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Let’s Talk Turkey: Busting Myths on Taxes, Social Security, and Medicaid in Time for Thanksgiving

Whether served as a side dish or not, politics always seems to wiggle its way onto the Thanksgiving table. And because your family may not agree on everything (or anything), we want you to be as prepared for them as you are for the big meal.

And now that the election is over, the public debate is all about the so-called "fiscal cliff," which refers to the combination of tax cuts and numerous other provisions set to expire at the end of December plus a series of automatic spending cuts scheduled to begin in January.

Contrary to what some commentators might suggest, however, the economy won’t immediately fall into a recession if Congress doesn’t reach agreement on all of these issues by midnight on December 31. Indeed, real and lasting damage WILL be done if Members of Congress allow misguided fears to pressure them into a bad deal that cuts programs vital to women and families and fails to make the wealthiest among us pay their fair share in taxes.

To explain what this means for you – and for Aunt Edith – below are a few key myths and facts.

MYTH: If we raise taxes on the richest 2%, it will kill jobs.

FACT: We’ve seen that trickle-down economics doesn’t work. We had much stronger job growth after President Clinton raised taxes on the wealthiest Americans than after President Bush cut them. And, allowing the Bush-era tax cuts for the richest two percent to expire would generate nearly $1 trillion in savings. This much-needed revenue would allow us to call off the looming – and draconian – automatic cuts to programs that are also scheduled to take place. Plus, it would let us invest in human capital as well as physical infrastructure. When so many Americans can't find work, it's important to support programs that create good jobs and long-term economic growth.

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What does birth control without co-pays mean for you?

Posted by Judy Waxman, Vice President for Health and Reproductive Rights | Posted on: August 15, 2012 at 10:53 am
What does birth control without co-pays mean for you?
Share Your Story
Tell us — what does it mean to you that you will get birth control with no co-pays or deductibles?
Share Your Story

Has cost ever kept you from using the method of birth control that's best for you? Has it forced you to make tough choices, like going without birth control or even delaying paying a bill so you can afford it?

Thanks to the health care law, new insurance plans are required to cover birth control and other women's preventive health services with no co-payments or deductibles at the start of their next plan year. As more health plans come under the law's reach, more and more women will be able to keep their wallets closed when they pick up their birth control.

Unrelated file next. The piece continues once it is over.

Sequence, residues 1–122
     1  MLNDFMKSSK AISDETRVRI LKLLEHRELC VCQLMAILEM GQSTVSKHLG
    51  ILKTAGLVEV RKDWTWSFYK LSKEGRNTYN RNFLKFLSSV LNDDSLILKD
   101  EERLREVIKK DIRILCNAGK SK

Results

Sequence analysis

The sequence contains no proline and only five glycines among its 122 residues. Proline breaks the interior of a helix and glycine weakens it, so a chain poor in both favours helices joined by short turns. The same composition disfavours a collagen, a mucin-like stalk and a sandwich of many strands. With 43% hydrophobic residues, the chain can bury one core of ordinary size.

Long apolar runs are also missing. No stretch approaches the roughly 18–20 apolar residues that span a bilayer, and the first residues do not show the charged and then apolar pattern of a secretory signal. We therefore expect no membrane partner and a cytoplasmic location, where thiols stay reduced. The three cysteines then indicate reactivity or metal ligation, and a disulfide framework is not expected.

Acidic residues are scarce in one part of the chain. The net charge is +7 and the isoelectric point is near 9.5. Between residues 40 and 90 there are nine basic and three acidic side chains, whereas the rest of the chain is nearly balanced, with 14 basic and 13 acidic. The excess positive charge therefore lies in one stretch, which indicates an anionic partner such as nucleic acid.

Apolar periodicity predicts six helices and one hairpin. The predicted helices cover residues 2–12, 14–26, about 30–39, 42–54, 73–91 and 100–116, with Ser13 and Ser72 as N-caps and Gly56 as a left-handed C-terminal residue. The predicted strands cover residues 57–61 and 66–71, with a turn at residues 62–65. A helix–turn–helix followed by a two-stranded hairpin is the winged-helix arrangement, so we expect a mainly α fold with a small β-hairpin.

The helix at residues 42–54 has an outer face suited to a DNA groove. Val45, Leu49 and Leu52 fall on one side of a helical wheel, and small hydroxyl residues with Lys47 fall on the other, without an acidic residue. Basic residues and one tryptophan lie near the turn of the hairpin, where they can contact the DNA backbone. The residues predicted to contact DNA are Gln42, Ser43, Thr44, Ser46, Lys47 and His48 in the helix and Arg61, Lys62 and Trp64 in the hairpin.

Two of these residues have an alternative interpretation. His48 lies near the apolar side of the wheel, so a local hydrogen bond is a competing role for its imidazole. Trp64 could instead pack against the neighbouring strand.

Tell us — what does it mean to you that you will get birth control with no co-pays or deductibles?

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Yes to Birth Control. No to Co-Pays.

Posted by Judy Waxman, Vice President for Health and Reproductive Rights | Posted on: August 01, 2012 at 11:21 am

Yes to Birth Control. No to Co-Pays.

Yes to Birth Control. No to Co-Pays.
Tell your Members of Congress you support women's access to preventive health services without co-pays or deductibles.
Take Action

Women's lives are about to get a little easier (and less expensive). Thanks to the health care law, today a provision goes into effect requiring birth control and other preventive services that women need be covered without a co-payment or a deductible! Over time, as an increasing number of new plans come under the law's reach, more women could have access to these services with no extra cost.

Tell your Members of Congress today how much this means to you and that you support women's access to preventive health services without co-pays or deductibles.

The preventive health services included in new plans are: well-woman visits, breastfeeding assistance and supplies, domestic violence counseling, screening for gestational diabetes, testing for high-risk strains of HPV, screening for sexually transmitted infections including HIV, and all FDA-approved methods of contraception.